From a new kind of alphabet book, AlphabeTique: the Lives of the Letters.
The Birth of a Genuine Article: A New Year’s Tale
By Molly Peacock
Her name was AN. Not Ann. Or Anne. She was ancient. Something was wrong with her first letter. As she entered her third millennium, her old legs began to lose their slant, but her little apprentice didn’t notice. She was too busy learning the tumbling lessons of the Articles.
“My tiny acrobat,” AN would applaud, “my amazing anonymous mouse.” Little An learned her stunts so well she’d somersault before vowels in the nick of time: an apple! an eagle! an ibis! an opening! an undulation! – and the ancient one’s affection warmed her like an Angora sweater.
But the elderly article suffered such aching and ague that the legs of her first letter crumbled. They rushed her to Saint Anne’s hospital, Little An running alongside.
“Will I,” the little one asked the ailing senior, “lose my slant, too?”
“Not likely, if you just put one foot in front of the other, AN whispered. “That’s how to live.”
Then, when old AN also began to lose her point, she said, “You’ll have to do for me…you can, you know. You’re the genuine article.”
After hearing those last words, young An descended in a battered hospital elevator to a life alone in the absence of the anchor of her world. She bravely tried to put one foot in front of the other.
Nobody noticed her, of course. Nobody is supposed to notice an An, but she grew up on long legs to a fabulous point, the A of her name a quiet beauty.
Young An knew her work was to place herself before any person, place or thing that needed a general introduction… an aardvark, an earwig, an idea, an omission, or an ultimatum… but finally, in lonely anguish and a desire to be seen at last she joined the Alpine Club – to refresh herself in the mountain air among company. Nobody noticed her – except THE.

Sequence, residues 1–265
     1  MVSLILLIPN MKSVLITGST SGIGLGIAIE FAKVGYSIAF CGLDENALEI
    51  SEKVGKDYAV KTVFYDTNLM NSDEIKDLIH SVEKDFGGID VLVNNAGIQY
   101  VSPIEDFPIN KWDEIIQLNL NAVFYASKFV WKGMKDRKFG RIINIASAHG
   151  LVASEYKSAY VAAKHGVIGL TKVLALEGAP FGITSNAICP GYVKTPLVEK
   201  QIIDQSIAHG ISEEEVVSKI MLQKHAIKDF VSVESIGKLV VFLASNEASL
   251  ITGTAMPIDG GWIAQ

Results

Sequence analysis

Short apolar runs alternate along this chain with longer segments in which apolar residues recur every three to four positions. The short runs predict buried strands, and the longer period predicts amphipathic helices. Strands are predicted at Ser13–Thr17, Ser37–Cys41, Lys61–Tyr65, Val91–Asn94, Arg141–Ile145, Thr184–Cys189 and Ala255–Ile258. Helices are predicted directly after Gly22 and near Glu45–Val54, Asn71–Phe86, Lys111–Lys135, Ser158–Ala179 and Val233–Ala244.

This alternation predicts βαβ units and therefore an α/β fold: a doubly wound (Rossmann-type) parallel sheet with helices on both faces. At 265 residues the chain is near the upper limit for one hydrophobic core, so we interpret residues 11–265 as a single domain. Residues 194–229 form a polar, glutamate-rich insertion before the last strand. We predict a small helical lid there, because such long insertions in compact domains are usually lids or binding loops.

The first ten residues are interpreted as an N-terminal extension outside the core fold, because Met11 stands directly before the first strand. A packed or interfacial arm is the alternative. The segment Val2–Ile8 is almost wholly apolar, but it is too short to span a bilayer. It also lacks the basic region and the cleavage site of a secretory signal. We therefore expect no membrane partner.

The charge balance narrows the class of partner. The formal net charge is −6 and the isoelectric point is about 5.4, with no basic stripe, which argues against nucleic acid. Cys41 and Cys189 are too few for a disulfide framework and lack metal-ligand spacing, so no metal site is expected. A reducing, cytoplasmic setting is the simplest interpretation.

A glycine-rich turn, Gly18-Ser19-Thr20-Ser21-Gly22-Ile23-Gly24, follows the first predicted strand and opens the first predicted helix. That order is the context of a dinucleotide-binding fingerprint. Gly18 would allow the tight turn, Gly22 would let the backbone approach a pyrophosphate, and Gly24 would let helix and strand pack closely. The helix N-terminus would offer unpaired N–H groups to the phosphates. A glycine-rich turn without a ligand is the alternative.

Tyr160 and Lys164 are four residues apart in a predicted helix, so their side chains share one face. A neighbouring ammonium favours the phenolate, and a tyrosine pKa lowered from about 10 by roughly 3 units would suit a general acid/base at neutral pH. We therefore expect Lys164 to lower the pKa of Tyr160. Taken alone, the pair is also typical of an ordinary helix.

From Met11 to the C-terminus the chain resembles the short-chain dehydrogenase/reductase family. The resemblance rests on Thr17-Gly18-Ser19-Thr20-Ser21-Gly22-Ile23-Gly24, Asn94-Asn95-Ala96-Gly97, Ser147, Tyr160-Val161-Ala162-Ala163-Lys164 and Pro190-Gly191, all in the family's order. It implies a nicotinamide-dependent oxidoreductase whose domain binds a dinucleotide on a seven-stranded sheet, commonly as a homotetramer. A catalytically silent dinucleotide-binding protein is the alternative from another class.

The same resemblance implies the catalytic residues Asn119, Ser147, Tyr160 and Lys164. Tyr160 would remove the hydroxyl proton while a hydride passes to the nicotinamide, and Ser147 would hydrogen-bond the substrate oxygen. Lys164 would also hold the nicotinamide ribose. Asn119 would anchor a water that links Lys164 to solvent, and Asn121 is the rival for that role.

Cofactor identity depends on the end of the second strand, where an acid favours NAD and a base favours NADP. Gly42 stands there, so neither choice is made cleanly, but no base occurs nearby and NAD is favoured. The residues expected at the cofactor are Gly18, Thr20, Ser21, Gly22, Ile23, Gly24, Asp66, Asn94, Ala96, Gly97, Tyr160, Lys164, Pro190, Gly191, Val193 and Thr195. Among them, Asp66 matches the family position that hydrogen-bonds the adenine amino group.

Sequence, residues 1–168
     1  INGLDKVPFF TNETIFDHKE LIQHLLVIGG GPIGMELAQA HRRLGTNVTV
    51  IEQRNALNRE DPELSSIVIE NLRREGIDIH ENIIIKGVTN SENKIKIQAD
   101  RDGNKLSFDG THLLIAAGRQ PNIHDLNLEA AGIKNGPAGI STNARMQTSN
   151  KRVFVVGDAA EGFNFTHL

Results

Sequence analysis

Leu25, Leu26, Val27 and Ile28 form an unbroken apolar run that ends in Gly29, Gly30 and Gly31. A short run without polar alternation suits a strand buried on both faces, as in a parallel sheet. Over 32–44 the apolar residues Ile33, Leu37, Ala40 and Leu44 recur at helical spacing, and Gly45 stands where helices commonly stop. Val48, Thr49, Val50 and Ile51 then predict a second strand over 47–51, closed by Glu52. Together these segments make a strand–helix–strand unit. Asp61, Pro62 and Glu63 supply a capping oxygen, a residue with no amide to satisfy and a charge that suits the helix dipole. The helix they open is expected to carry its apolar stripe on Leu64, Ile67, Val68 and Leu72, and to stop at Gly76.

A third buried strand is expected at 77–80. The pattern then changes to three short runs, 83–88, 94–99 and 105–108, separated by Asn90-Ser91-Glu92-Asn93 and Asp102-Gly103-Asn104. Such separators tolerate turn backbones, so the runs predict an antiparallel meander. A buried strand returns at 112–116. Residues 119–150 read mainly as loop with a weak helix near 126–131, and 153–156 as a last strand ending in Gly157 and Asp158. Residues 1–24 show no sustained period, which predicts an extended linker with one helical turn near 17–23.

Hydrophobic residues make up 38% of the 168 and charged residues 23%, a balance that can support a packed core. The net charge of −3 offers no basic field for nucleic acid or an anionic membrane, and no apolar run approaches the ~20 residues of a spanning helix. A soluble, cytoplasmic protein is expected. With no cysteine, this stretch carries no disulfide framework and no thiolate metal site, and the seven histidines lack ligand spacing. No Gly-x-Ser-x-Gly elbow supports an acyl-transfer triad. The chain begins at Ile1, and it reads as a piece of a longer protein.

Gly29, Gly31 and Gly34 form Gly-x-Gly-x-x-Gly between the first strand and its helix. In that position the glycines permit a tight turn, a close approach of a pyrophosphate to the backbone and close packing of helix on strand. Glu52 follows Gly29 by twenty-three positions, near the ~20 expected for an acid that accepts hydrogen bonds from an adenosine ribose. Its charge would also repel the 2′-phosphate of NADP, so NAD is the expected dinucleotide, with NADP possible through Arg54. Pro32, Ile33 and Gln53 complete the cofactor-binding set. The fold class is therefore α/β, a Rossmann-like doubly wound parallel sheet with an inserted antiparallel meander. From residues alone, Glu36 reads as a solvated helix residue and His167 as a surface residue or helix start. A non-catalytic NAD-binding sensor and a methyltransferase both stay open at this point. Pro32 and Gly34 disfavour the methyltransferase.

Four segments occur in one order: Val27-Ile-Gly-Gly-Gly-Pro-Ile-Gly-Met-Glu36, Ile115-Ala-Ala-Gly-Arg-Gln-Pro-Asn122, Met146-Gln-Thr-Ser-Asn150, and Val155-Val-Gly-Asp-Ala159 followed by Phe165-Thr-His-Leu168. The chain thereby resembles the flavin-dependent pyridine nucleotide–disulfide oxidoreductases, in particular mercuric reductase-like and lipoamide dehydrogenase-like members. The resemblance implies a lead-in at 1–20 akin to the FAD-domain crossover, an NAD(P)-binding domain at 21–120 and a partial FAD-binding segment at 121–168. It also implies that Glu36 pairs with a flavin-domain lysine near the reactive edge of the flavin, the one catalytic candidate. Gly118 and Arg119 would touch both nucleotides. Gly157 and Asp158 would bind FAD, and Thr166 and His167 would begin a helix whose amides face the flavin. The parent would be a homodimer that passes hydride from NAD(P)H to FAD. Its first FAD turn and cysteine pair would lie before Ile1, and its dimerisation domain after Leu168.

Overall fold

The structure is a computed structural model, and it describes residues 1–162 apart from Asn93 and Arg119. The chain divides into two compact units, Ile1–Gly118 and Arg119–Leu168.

“I’ve been watching you,” he said. “You’re the genuine article.” An leapt into his arms. “That was unanticipated!” THE said.
“I know, I’ve given up anticipation,” An answered. And she had. If you give up hope, you give up agony.
But, one thing led to another.
Now pregnant An ascended the Alps with THE on their very last climb for a while. Up they went through auras of auroras as THE sang out possible names for their little one: “Alpenglow? Apogee?” Even now when her aspirations glowed like these ascending horizons far away from the little strip of sunrise sneaking down the airshaft of that city hospital into old AN’s room, An refused any little fizz of expectation. No hope = no agony.
“Acrophile? Agapé?” THE ached for definition! “Artichoke? Argyle?”
We need something almost invisible, An mused, for our little anonymouse.
When they reached the apex and still hadn’t found a name, An tucked her pointy head under THE’s shoulder. They sat and moped, until THE fell asleep, but an avalanche of excitement tumbled through An as she saw outline in the air take shape. Her point perked! She couldn’t hold back her amazement – it was the ghost of ancient AN. As the outline moved toward her, the perfume of big AN’s affection wafted around pregnant An’s shoulders, and she relaxed into a peace of mind so profound we can only call it ataraxia, that robust happiness named by the ancients.
Big AN’s amber voice poured forth: A NAMER AS WELL AS A BEARER BE. Then she sailed off into the alpine mist.
Of course young An never had to name anything before. Like THE, she preceded things. They were the readiness, the starting line, and now they were about to, about to…
When THE said, “Careful!” An realized he’d woken, and they began the downward slope. At last on the bench at the foot of the mountain, THE moaned, “Whatever will we call the apple of our amour?”
Slowly An said, “At the apex I…” could she… bring it into being? “…apprehended…an apparition.”
“Oh, what of?” THE asked, helping her off with her climbing gear, as if she encountered an apparition every day.
“The ghost of Old AN appeared,” she said, “and the sun was ablaze, and this is absurd, I know, but she said, A NAMER AS WELL AS A BEARER BE.”
“Easy for an apparition to say,” THE sighed.
“But we don’t have to be specific!” An shouted. “We can name our little acorn something as automatic as our own names!” Something to introduce each fresh thing as it rises into the air, a name to help each reach its apex… “Let’s call our little one A,” she said.
And so another name that precedes all was named, an aura before each entity itself, so necessary it isn’t apparent, but taken by all as an article of faith. When An spoke it, THE breathed, Amen.
Author note: This tale is partly based on a poem by the author that originally appeared in The Southampton Review.